World Arts West
SF Ethnic Dance Festival


Niharika Mohanty

: Odissi
: Guru Ratikant Mohapatra
First Appearance in SF EDF: 2008

Odissi is an Indian classical dance form from the eastern state of Orissa. It brings to life the vast number of dance sculptures on Orissan temple walls. Odissi is characterized by its fluid torso movements, grace, sculpturesque poses, and the dancer's intuitive connection to the haunting music. As the vocalist sings, and instrumentalists play, the dancer feels the spiritual and emotional nuance, and echoes it in fluidity of movement. The dancer also links her footwork to the percussion, extending the rhythms with stamping and bells. Odissi has two basic postures. The tribhangi pose uses three bends—at neck, upper torso, and knee—to create triangular forms in the body: it represents the sculpturesque feminine form. The chauka pose is generally square and strong; it represents the masculine Lord Jagannath, odissi's presiding deity, an unfinished idol with no hands.

Niharika, is a leading odissi dancer in North America and prominent disciple of late Guru Kelucharan Mohapatra, who is considered to have contributed the most to the field. She was raised in Canada and started odissi dance training at age five under Guru Murali Dhar Majii, late Guru Pankaj Charan Das, Ananda Radha, and Menaka Thakkar, and now continues to polish her dance technique under Sujata Mohapatra from whom she learned this piece, refining it under Guru Ratikant Mohapatra. She has recently started Guru Shradha, a unique organization in dedicated to sustaining the dance techniques of Guru Kelucharan Mohapatra.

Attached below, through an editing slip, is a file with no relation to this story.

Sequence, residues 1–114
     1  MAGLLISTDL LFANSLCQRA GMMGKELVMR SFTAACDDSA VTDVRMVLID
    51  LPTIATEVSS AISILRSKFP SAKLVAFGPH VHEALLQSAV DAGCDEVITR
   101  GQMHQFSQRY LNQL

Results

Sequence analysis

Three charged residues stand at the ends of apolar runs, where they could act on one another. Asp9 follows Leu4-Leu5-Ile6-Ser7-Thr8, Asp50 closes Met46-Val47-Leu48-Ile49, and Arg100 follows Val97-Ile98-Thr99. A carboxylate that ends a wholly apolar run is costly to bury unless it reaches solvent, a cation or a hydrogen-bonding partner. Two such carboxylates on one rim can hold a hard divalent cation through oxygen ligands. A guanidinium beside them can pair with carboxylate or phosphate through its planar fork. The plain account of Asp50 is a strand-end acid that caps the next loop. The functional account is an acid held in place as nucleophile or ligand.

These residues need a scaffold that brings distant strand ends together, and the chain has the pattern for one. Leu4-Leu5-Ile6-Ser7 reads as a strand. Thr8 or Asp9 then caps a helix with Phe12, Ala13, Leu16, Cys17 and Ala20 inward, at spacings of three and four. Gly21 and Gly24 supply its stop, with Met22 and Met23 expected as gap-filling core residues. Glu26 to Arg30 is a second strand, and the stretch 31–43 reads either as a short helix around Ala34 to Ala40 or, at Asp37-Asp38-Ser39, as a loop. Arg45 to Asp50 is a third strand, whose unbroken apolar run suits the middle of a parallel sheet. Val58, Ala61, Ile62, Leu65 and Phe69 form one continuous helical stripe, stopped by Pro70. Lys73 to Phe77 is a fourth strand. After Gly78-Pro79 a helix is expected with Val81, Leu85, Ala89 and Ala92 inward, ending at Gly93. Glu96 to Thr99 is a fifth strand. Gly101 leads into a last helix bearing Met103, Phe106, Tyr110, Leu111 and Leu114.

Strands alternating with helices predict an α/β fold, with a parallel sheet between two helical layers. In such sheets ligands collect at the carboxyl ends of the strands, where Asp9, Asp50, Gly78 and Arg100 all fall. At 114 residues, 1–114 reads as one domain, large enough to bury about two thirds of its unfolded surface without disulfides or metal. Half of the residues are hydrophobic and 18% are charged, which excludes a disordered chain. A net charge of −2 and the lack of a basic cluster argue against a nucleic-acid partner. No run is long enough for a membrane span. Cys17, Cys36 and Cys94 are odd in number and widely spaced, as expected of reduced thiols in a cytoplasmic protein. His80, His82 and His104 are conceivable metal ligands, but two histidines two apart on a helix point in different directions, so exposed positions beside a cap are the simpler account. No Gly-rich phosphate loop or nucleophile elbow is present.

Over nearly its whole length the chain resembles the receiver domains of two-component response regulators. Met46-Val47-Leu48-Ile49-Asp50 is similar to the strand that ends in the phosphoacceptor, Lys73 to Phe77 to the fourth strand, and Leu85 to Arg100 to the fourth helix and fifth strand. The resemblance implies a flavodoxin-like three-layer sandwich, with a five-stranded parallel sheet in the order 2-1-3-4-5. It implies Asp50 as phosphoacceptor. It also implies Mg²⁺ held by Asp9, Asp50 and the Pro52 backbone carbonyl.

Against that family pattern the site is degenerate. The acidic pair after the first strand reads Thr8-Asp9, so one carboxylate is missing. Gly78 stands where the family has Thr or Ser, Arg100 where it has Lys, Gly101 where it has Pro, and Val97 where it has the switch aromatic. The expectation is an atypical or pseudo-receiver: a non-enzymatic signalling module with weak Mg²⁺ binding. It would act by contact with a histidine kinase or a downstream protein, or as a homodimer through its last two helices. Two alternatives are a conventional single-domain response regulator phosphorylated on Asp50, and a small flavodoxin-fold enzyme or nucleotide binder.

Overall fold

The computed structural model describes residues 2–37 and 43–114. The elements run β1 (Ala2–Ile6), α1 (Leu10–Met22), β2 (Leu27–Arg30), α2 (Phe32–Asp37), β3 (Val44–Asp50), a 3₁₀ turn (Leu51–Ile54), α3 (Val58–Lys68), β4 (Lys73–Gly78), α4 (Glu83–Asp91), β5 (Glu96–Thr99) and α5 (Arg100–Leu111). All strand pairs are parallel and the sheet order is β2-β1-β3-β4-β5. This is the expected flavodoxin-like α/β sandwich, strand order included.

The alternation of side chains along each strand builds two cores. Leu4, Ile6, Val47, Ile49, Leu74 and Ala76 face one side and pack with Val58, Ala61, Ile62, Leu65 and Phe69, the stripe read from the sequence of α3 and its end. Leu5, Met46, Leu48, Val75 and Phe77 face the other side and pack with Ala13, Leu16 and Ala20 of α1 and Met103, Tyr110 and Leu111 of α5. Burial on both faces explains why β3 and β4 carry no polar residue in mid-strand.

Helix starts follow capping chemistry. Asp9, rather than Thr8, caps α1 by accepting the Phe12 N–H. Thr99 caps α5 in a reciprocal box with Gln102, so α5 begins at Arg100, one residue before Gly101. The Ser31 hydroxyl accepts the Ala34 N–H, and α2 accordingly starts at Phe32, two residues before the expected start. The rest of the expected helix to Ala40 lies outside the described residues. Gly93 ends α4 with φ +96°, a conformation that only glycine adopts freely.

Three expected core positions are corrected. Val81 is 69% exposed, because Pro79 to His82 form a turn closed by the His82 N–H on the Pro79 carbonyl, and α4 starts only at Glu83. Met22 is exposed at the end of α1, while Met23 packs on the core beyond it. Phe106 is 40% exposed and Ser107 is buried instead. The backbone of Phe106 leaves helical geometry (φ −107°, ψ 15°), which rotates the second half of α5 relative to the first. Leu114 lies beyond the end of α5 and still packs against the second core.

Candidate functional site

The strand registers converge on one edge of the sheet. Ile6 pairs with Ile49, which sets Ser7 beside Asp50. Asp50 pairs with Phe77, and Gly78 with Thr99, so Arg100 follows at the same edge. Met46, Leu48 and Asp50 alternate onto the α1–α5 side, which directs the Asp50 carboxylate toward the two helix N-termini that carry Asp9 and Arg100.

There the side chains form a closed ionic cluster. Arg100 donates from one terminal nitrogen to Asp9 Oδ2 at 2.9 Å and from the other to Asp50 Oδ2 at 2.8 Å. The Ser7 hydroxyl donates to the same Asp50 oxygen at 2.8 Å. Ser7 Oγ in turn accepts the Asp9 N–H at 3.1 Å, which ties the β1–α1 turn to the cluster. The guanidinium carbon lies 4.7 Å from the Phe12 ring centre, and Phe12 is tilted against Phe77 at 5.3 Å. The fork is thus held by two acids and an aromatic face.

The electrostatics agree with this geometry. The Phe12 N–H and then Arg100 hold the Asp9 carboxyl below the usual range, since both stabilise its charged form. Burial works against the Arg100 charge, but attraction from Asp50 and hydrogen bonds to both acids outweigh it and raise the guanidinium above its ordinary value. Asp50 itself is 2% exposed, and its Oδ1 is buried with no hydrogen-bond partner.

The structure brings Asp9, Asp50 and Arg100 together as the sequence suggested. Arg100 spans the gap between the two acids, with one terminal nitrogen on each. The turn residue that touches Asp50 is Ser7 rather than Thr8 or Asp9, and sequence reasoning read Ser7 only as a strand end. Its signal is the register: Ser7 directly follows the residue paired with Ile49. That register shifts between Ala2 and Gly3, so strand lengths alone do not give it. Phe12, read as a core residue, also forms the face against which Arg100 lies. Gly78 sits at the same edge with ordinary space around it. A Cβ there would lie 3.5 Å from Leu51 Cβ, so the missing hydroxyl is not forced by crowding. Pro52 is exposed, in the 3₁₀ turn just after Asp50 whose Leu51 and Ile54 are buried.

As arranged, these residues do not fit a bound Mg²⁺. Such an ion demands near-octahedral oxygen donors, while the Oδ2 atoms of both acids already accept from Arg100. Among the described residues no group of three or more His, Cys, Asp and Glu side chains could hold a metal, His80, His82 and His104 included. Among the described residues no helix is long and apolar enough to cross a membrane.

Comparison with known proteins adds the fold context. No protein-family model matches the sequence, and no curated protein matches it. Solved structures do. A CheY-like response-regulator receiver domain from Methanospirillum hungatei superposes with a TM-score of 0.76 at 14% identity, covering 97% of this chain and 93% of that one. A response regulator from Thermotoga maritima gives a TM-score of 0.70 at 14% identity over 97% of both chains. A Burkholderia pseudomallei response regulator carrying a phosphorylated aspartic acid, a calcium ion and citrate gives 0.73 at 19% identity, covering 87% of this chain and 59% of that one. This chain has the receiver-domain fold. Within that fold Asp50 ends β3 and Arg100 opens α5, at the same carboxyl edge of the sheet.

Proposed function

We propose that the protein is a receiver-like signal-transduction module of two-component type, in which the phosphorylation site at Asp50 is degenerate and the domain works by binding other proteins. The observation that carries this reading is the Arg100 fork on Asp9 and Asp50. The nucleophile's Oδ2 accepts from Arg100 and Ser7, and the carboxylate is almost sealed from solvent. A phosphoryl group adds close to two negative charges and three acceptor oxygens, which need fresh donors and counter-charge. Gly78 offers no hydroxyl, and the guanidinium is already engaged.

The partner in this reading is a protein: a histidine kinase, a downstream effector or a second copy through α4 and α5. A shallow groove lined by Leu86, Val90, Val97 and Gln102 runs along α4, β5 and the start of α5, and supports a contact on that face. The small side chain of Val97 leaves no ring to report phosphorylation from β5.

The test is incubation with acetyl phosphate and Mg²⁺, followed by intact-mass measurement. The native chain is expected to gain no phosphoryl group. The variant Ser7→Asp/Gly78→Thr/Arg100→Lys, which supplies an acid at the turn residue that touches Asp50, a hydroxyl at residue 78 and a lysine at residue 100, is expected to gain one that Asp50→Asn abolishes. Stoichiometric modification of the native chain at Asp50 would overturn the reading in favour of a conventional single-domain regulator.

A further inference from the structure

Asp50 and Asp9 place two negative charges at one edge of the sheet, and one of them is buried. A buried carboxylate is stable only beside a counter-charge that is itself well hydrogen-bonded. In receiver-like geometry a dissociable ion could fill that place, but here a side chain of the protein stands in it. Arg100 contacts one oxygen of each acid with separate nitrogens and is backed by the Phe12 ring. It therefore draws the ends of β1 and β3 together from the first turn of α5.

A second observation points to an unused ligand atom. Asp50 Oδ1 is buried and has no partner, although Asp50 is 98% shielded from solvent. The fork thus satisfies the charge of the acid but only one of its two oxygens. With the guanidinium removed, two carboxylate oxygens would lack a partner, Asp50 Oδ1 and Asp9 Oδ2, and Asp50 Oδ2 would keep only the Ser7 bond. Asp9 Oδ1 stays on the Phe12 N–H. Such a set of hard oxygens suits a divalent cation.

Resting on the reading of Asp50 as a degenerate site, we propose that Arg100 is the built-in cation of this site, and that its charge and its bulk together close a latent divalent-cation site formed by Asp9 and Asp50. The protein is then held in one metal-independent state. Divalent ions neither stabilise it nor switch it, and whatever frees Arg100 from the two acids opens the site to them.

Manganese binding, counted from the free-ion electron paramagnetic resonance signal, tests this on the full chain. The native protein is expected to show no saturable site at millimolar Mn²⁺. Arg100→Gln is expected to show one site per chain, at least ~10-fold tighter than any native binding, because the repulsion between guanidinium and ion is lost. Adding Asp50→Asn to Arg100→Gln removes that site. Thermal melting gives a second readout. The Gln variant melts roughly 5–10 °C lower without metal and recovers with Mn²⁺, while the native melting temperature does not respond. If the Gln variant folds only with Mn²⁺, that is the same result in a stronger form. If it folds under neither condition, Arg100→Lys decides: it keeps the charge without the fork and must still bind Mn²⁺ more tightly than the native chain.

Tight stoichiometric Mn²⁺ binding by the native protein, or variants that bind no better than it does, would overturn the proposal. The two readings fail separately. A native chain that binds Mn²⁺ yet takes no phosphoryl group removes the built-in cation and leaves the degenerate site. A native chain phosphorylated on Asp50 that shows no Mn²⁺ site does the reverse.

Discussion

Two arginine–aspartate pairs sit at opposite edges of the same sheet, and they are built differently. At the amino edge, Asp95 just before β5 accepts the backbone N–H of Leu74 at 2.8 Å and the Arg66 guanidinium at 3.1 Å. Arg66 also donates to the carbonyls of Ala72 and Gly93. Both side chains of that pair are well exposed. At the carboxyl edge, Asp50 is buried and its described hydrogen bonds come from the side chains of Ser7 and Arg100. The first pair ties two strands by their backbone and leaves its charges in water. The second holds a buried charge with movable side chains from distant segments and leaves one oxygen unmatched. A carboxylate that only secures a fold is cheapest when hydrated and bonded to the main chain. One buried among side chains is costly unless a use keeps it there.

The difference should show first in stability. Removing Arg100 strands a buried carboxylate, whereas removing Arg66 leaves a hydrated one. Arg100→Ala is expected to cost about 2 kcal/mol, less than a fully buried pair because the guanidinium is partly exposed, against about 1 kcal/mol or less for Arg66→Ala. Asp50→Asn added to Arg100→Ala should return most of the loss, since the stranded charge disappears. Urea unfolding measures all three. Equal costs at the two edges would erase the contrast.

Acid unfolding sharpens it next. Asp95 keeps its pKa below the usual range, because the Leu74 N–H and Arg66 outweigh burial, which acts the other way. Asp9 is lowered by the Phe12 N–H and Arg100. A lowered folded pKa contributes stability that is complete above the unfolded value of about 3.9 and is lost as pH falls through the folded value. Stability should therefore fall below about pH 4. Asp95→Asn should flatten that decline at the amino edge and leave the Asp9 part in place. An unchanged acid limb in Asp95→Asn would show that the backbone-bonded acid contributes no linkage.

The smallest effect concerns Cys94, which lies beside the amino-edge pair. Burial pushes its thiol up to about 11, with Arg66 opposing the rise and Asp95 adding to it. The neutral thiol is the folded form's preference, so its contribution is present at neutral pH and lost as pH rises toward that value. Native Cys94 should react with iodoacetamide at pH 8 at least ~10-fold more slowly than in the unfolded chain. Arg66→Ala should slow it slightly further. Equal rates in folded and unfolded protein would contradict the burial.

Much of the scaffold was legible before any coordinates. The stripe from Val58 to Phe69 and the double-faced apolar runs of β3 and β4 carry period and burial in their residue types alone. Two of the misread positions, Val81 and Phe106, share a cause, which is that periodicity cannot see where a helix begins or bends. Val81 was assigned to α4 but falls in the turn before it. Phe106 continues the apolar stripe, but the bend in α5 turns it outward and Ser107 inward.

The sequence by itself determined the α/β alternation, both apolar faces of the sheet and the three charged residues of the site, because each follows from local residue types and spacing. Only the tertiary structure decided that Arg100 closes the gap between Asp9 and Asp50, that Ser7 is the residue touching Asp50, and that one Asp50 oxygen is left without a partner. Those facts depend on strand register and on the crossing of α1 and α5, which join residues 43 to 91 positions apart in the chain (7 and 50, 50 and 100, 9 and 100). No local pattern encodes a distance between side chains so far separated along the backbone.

TITLE: Vakratunda Mahaa Kaaya
: Guru Ratikant Mohapatra
Niharika Mohanty
MUSIC COMPOSER: Pandit Hariprasad Chaurasia
: Ben Kunin (sarod), Arijit Mahalnabis (vocal)
INTERNATIONAL GUEST MUSICIANS: Guru Ratikant Mohapatra (pakhawaj), Abhiram Nanda (flute)

The dance Vakratunda Mahaa Kaaya was created in 2007 by Guru Ratikant Mohapatra, son of odissi legendary late Guru Kelucharan Mohapatra. This is Niharika’s premiere of this piece as a soloist. Her costume evokes the temple dancers, who wore saris with real flowers—the dress is stitched from Orissa saris, with filigreed silver jewelry and a headpiece, which represents a temple. She dances a prayer for the Hindu Lord Ganesh, the elephant-headed Lord of Wisdom and remover of all obstacles. She dances the devotee's surrender, and portrays Lord Ganesh dancing majestically with His elephant ears and trunk, as Sanskrit words sing His praise.

You, Lord Ganesh, you with the enlarged belly
with the twisted trunk and massive body
with the dazzle and radiance equal to those of a million suns
lead me on the path devoid of obstacles or hindrances
clearing the way in all that I do, ever and always.

The music for Vakratunda Mahaa Kaaya is composed by Indian classical flutist, Pandit Hariprasad Chaurasia. For this performance, Niharika is honored to perform with an international group of guest artists. From India, Guru Ratikant Mohapatra, will play pakhawaj—a two-headed Indian drum—and lead the musicians and the dance performance; Abhiram Nanda, a senior disciple of the musical composer, will play flute; Arijit Mahalnabis is the vocalist; and Ben Kunin, senior disciple of great Ustad Ali Akbar Khan, plays sarod.


Niharika uses her odissi dance training and theatrical sense to help flavor the narrative interludes for Weekend Two of the 2006 Festival. Her collaboration on the material with Amanda Geroy and Eddie Madril prove to be a successful and stunning combination of elements.

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